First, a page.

Possibly, FosB expression could thereby contribute to the induction of gene expression seen in glutamate-stimulated mast cells (Fig. 3). In agreement with this, a previous report suggested that Nrf1 in complex with FosB activates TNF expression in a murine mast cell- like cell line [91]. Furthermore, we reported that the induction of glutamate receptor expression was minimized by NMDAR-class glutamate receptor antagonists (e.g., MK-801, an ion channel inhibitor). These findings  indicate that the induction of such genes may directly involve in the regulation of glutamate signaling via its receptors. In addition, our previous study noticed that MK-801 reduced the expression of pro-inflammatory responses that were triggered by glutamate stimulation [81] (Fig. 4). In line with this finding, we also reported that the glutamate receptor antagonist has a significant impact on abrogated the induction of early       growth response gene and nuclear receptor/transcriptional factor gene (e.g., Egr2, Egr3, Nr4a3, and FosB) caused by glutamate signaling [3,15].

Altogether, neuromediator signaling  (especially glutamate/ SP/ FosB), and its various receptor involvement may develop as a potential therapeutic mechanism operative in tendon pain and inflammation.


Concluding remark

Altogether, this review summarizes a novel tri-directional axis by which neurons can interact with the immune cells and tendon cells. Future initiatives will be taken to evaluate if the glutamate: glutamate receptor axis expressed by mast cells potentially can be exploited for therapeutic purposes to ameliorate inflammatory/pain responses following tissue injury. Neuromediator signaling arises as one of the most pathways with a potential pathogenic mechanism operative in chronic tendon pain and inflammation after tissue injury. Strategies to target glutamate, SP, CGRP, and its receptors, which both are upregulated in tendon pain, healing response, and inflammation, could thereby represent potential therapeutic options in tendon disorders including inflammation and pain. However, glutamate receptors both ionotropic and metabotropic including other neuromediators/receptors have been highlighted in a multitude of chronic pain conditions. There are several potent NMDA-receptor antagonists available: MK-801, ketamine, methadone, memantine, amantadine, and dextromethorphan, which all are associated with side effects in the central nervous system.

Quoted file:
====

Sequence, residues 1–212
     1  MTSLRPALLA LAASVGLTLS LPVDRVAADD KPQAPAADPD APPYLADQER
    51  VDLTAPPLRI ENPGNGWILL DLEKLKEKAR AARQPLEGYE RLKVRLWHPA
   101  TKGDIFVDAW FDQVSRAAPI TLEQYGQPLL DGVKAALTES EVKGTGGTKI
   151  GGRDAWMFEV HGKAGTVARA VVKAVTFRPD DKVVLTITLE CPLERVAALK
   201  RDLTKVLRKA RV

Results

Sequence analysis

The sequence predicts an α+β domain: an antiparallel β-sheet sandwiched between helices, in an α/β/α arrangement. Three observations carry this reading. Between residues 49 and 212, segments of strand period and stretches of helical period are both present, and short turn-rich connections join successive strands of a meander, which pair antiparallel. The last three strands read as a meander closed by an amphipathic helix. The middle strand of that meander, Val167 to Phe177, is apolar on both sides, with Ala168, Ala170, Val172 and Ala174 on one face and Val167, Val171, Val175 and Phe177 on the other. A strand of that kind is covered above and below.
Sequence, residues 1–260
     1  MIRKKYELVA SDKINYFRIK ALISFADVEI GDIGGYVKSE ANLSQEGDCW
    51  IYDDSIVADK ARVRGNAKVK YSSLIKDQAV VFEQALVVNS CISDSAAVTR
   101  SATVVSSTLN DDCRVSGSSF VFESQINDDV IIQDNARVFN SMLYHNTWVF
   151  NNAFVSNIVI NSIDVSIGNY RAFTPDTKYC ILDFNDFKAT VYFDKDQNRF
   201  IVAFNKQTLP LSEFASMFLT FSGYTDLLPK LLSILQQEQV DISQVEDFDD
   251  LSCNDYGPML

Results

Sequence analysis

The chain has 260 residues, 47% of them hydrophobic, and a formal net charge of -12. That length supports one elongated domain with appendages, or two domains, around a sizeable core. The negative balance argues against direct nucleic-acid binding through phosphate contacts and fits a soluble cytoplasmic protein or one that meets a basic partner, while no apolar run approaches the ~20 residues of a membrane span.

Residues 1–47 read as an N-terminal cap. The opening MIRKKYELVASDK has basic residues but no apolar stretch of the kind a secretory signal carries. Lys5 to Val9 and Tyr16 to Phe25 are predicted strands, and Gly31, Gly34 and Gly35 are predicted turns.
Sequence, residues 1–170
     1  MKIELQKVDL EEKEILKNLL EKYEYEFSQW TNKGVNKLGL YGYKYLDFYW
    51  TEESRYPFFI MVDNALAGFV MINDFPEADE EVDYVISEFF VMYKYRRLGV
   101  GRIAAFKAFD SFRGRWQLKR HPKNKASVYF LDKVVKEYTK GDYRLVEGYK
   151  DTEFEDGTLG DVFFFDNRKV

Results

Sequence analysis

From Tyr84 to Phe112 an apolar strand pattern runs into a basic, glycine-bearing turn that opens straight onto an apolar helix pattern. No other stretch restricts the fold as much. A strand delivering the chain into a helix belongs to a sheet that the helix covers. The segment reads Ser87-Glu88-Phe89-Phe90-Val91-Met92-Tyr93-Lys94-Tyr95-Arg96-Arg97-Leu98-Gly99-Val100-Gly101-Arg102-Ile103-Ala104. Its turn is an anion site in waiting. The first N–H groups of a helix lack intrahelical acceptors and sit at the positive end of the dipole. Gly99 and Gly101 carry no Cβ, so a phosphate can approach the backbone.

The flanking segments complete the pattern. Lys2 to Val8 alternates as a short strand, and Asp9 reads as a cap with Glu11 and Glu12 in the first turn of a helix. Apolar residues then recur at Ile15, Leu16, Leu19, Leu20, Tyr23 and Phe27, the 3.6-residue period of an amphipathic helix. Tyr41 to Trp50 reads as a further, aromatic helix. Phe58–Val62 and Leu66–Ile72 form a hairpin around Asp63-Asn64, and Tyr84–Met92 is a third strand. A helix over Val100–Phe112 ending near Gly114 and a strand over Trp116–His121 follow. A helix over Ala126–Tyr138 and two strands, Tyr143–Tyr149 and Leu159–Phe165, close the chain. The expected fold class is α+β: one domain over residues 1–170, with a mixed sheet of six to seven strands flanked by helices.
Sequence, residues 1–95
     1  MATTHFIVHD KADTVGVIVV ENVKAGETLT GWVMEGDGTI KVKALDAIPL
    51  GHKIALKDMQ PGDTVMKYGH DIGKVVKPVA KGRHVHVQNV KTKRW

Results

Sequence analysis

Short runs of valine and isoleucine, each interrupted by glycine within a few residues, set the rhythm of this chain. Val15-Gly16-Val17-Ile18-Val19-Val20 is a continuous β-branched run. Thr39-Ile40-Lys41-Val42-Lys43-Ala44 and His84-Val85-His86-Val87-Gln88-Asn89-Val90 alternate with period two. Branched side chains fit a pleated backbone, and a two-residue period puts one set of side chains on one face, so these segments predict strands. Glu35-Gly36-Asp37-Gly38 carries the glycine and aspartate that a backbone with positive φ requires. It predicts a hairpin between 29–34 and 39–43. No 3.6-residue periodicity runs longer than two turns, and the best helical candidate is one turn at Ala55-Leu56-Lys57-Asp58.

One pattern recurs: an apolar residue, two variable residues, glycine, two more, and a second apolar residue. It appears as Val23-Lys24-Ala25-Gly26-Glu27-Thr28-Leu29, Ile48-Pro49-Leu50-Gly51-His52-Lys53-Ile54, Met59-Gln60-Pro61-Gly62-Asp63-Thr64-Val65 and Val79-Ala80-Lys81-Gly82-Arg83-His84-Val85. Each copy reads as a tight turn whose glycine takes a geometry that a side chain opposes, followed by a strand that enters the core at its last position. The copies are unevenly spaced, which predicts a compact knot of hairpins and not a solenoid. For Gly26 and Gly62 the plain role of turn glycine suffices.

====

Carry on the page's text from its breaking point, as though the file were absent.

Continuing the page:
Ways to overcome these side effects could include more specific druggable targets for the peripheral nervous system, which could be locally administered. Targeting the NMDA and NK1 receptor with specific antagonists could, in addition to having direct effects on pain transmission and inflammatory response in nerves, affect the NMDA receptor on mast cells and thereby hinder the degranulation-dependent release of sensitizing substances, as recently demonstrated in Achilles tendon [3, 14]. Furthermore, glutamate receptor targeting ion channel antagonists abrogated the responses of mast cells to glutamate, supporting the notion of functional glutamate: glutamate receptor axis in mast cells [3]. However, further studies are required to fully understand how neuromediators signaling are regulating the mast cells/tenocyte function and may influence pain and inflammation.